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Use this page to list use cases for AST-level macros in Groovy.

How do you want to use such macros? Show examples of their usage (without showing how they're implemented). Add to the bottom of the page.

Increase code readability

Rearrange code portions

The end-weight principle for natural languages says the longer stuff should be at the end of a sentence.
In Groovy/Java, while and if statements are usually heavy in the block/statement, and light in the condition.
When the statement/block is short and the condition long, it can be more readable to put the block last.

is transformed to:

We could use 'unless' and 'until' if using 'if' and 'while' caused problems.

Common modifier

When a long list of methods and/or fields have the same modifier/s,
it may be more readable to apply them to a whole block, eg:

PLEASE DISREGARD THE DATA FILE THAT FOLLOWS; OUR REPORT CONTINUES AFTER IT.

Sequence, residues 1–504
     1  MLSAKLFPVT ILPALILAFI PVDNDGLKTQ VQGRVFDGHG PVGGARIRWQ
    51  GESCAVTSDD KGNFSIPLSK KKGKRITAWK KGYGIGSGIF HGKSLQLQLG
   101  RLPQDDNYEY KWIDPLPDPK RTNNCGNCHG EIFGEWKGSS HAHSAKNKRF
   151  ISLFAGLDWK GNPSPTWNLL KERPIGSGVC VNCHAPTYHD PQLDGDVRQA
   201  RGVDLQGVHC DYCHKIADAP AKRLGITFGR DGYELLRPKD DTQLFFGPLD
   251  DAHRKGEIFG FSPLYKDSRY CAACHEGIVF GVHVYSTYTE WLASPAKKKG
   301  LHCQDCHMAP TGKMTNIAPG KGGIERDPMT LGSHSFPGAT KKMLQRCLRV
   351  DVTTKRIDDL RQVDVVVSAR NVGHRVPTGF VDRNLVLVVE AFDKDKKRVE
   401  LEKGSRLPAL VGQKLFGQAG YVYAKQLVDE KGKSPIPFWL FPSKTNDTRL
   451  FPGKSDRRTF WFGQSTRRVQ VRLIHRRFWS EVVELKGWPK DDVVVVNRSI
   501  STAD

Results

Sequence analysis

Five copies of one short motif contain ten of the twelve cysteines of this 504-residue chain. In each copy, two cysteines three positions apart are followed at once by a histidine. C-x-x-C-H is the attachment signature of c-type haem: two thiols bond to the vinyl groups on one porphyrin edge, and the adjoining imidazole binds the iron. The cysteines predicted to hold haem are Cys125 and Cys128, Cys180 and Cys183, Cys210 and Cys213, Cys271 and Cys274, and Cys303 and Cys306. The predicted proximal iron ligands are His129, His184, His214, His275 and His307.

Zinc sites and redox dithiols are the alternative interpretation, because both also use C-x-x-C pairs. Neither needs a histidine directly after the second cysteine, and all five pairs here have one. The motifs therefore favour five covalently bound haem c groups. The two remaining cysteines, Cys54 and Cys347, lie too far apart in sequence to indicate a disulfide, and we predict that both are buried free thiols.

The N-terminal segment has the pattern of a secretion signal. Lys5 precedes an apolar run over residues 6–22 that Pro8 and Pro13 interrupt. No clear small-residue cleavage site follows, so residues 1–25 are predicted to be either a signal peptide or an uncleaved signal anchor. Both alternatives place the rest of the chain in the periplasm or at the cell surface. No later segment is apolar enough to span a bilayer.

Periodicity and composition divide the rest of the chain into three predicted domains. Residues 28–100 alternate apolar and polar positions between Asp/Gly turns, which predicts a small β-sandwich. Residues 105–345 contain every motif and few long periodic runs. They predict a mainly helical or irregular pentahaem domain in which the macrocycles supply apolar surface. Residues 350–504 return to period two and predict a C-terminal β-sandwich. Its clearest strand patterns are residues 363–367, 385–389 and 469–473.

Transform statements



triggered by the 'static' modifier of a field in a function.

Names for operators

Use names instead of symbols for operators, eg:


or change their names to something shorter, eg:


Equivalence of block and statement 

Forgoing curlies for all statements, making a statement and block equivalent always:

Use other natural languages with Groovy

Enable fuller internationalization of Groovy, eg:

would convert to 

if a Spanish option for Groovy was loaded. 

More Seamless Integration with Java and Java-like languages

Embed Java code within Groovy without quoting it,
and without needing to bind variables to the same name, ie, no binding.setVariable('i', i).

Simplify the Antlr lexer/parser

Many existing syntactic sugars could be re-implemented as macros in a standard macro library.
This might simplify the Antlr lexer/parser, enabling better maintenance of and extensions to it.

Eg, properties where:

expands to:

Other examples:

  • for( i in ... ) expanding to code using iterator
  • shorthand notation for invoking method with closure/s at last parameter/s
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